In remote environments like Mineral’s, we have multiple “doors” employees can use to communicate what is going well and what can be improved. Employees are always able to access not only their managers but any member of the company via phone, video, or direct message. Letting your employees know that you are only a message away can make a world of difference in the sometimes isolating world of remote work.
Workplace harassment is a serious issue that can significantly affect employee well-being and productivity. When harassment claims—by or against any employee, but particularly when LGBTQ+ employees or other protected classes are involved—leaders must respond immediately and impartially.
Investigators should understand LGBTQ+ issues, the nuances of sexual orientation and gender identity, and how to conduct investigations without bias to gather evidence from all relevant parties. Upon completion of the investigation, HR must take appropriate corrective actions to address the harassment and prevent its recurrence. This may include disciplinary measures, retraining programs, or policy revisions.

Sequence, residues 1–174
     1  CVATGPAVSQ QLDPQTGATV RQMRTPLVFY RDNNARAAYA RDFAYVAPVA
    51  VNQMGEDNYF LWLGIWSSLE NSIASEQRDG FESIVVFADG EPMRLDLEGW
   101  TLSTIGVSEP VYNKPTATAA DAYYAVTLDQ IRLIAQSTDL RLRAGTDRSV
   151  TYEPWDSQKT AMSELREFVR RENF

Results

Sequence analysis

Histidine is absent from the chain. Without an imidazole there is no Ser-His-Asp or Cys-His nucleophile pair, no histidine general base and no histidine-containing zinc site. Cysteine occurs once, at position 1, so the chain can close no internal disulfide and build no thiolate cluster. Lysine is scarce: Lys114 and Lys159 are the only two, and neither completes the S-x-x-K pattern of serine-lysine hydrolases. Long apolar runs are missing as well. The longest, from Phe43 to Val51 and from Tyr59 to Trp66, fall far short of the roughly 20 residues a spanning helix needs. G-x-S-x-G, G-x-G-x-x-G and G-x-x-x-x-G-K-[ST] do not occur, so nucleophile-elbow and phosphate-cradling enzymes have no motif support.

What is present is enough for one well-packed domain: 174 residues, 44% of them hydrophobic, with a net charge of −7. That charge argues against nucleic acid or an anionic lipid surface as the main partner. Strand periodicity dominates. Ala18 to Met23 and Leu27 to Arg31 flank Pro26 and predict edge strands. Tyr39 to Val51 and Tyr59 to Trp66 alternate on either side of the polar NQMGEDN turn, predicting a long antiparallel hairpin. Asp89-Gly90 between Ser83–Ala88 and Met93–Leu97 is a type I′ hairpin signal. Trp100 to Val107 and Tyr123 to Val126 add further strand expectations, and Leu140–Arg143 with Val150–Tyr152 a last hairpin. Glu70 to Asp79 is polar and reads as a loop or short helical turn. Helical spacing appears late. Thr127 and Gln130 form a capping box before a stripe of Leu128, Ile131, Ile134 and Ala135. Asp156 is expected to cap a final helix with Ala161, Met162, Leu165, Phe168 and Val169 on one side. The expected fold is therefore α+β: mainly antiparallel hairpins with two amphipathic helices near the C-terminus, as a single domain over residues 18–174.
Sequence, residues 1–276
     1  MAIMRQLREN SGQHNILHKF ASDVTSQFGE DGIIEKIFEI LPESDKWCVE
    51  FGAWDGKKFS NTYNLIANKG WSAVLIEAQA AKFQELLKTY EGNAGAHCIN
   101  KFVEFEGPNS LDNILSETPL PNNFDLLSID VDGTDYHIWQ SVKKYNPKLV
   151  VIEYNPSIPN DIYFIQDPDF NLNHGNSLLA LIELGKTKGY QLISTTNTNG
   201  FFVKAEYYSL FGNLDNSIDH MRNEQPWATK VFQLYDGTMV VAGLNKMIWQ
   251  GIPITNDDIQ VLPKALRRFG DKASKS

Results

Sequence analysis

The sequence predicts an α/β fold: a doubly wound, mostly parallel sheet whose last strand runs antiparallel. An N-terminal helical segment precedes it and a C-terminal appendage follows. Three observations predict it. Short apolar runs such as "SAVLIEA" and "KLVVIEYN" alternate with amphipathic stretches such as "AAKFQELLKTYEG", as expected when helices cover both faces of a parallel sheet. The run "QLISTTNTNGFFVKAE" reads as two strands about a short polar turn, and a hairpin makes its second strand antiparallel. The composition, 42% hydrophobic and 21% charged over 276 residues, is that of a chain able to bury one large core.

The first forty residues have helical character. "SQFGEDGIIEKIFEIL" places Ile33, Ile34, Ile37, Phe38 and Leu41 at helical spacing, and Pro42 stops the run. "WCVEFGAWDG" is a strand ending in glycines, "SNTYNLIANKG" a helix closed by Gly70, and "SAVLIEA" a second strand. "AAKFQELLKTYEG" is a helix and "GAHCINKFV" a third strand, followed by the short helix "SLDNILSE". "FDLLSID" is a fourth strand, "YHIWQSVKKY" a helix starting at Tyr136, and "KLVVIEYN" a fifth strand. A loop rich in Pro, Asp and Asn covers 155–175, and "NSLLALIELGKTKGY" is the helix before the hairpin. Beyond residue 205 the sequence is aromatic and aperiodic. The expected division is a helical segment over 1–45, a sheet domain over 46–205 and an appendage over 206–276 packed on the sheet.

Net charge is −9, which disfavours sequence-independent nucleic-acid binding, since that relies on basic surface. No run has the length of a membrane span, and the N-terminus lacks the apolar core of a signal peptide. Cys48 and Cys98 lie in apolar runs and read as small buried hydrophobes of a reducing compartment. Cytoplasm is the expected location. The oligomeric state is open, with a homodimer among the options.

Just as it is important to train people managers on how to be supportive and inclusive of LGBTQ+ employees, it is equally important to train them on eliminating human biases that may arise in their day-to-day interactions. Two such biases are confirmation bias and affinity bias, both of which can affect a manager’s judgment when dealing with sensitive employee issues.
Confirmation bias is the tendency to search for, interpret, focus on, and remember information that aligns with our preconceived opinions. If a manager has deep-seated notions about protected classes, they are more likely to seek information and make conclusions that support those notions. Confirmation bias presents a danger to impartiality in situations when managers need to investigate employee issues.